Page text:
¶22 The prosecutor's statements about the assault charge are equally insufficient to invoke plain error. These comments did not say anything about the presumption of innocence, did not offer the prosecutor's own opinion on the evidence, and did not improperly bolster any witness testimony. What they were was an attempt by the prosecutor to show the jury that the evidence in the case met the elements of assault on a peace officer, despite the context of the officer's composed response. “Juries are presumed to follow the law as given them.” State v. Labbe, 2012 MT 76, ¶ 28, 364 Mont. 415, 276 P.3d 848 (quoting State v. Turner, 262 Mont. 39, 55, 864 P.2d 235, 245 (1993)). We do not presume the jury would be so swayed by the prosecutor's use of a word like “professional,” or his comparison between a hypothetical violent reaction and the formal charges, that they would abandon their task of weighing the evidence under the law.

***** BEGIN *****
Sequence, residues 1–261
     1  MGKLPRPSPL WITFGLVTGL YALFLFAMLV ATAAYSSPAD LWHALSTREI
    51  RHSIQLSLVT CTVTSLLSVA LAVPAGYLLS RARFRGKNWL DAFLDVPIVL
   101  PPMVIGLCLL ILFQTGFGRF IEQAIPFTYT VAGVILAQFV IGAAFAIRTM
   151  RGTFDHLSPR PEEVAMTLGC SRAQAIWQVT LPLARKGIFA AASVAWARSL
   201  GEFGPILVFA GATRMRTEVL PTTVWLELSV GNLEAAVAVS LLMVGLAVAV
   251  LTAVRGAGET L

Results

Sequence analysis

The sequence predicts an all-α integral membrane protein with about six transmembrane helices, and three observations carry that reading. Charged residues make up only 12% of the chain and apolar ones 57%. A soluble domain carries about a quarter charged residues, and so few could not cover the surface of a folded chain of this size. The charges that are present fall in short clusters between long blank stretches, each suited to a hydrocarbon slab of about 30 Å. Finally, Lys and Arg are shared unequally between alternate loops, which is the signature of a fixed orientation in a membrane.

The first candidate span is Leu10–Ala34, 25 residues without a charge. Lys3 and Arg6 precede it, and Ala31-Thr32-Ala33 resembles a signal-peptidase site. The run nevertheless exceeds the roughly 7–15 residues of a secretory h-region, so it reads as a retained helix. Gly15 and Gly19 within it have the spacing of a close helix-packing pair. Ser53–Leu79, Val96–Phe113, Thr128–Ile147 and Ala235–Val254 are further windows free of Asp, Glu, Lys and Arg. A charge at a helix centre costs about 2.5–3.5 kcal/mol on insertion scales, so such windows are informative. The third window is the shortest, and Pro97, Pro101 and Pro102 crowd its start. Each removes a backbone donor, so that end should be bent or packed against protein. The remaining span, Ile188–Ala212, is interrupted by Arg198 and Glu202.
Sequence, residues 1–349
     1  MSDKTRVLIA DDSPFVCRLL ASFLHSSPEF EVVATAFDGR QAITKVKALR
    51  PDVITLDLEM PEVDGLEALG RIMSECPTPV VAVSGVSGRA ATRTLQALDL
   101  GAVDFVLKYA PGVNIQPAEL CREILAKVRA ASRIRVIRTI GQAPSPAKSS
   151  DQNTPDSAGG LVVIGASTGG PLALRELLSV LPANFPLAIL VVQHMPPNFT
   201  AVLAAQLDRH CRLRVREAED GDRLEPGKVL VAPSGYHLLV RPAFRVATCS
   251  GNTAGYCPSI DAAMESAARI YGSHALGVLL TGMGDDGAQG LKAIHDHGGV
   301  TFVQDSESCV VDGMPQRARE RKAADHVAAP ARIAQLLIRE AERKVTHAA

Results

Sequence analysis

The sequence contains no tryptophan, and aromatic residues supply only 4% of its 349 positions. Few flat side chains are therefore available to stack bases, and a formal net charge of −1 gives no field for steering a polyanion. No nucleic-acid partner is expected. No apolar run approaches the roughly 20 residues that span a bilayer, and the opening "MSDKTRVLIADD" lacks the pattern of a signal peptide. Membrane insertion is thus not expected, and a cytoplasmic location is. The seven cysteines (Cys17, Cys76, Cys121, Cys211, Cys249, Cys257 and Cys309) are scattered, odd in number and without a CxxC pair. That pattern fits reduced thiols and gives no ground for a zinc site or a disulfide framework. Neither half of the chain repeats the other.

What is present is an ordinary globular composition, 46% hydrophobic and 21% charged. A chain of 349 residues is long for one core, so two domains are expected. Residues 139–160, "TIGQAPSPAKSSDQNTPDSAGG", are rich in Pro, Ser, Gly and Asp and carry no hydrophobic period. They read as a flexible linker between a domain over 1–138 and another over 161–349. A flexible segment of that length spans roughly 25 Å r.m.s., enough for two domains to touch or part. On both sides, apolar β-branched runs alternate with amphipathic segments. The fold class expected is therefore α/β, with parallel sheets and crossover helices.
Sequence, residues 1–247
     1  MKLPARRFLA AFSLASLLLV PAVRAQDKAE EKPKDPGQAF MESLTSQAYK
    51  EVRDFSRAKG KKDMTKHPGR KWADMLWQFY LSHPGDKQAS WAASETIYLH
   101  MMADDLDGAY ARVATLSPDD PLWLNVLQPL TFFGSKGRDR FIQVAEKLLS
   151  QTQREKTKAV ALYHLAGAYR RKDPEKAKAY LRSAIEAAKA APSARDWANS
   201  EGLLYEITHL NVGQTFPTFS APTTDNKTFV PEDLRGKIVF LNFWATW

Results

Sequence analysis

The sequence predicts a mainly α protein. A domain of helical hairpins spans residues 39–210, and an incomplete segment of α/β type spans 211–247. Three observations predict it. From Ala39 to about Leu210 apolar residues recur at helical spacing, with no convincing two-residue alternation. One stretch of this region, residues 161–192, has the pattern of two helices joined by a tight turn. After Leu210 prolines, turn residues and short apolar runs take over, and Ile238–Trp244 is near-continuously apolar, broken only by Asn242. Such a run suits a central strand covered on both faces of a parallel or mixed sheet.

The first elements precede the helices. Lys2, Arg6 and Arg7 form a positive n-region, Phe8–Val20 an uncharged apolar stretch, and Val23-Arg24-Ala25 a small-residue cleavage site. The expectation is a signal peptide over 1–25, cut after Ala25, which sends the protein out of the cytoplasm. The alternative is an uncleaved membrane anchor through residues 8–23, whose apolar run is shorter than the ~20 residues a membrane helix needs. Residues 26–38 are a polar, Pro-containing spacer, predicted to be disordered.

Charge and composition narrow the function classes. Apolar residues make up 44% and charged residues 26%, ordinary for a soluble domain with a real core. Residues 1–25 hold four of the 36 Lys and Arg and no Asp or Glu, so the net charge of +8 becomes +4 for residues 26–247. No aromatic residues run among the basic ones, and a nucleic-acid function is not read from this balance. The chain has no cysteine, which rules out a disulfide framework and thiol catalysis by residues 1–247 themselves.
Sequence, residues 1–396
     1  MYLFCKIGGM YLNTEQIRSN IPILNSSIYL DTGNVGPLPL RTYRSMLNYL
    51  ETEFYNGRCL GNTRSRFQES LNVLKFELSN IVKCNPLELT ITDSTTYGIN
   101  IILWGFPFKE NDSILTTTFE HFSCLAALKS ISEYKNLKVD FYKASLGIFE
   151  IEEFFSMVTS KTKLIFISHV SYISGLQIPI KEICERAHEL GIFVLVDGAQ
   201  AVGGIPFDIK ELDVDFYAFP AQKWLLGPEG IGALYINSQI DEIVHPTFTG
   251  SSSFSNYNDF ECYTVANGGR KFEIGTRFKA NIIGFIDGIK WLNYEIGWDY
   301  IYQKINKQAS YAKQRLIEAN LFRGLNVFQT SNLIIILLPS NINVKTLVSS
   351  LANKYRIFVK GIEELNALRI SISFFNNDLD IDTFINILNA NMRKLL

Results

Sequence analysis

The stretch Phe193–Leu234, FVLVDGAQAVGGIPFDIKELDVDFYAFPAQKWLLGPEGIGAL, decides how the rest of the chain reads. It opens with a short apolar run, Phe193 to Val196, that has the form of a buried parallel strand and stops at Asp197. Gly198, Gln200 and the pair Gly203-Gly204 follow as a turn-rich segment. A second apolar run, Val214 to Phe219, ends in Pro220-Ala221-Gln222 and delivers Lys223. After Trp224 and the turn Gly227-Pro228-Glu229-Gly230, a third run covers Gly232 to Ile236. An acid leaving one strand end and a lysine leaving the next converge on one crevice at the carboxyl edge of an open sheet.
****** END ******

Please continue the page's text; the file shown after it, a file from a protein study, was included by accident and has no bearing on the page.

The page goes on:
¶23 We have determined to decide this case pursuant to Section I, Paragraph 3(c) of our Internal Operating Rules, which provides for memorandum opinions. In the opinion of the Court, the case presents a question controlled by settled law or by the clear application of applicable standards of review.

¶24 The District Court's November 8, 2019 order of judgment is affirmed.


1.   Montana's DUI statutes received an overhaul by the Legislature in 2021 and are now codified at Title 61, chapter 8, part 10, MCA.

Chief Justice Mike McGrath delivered the Opinion of the Court.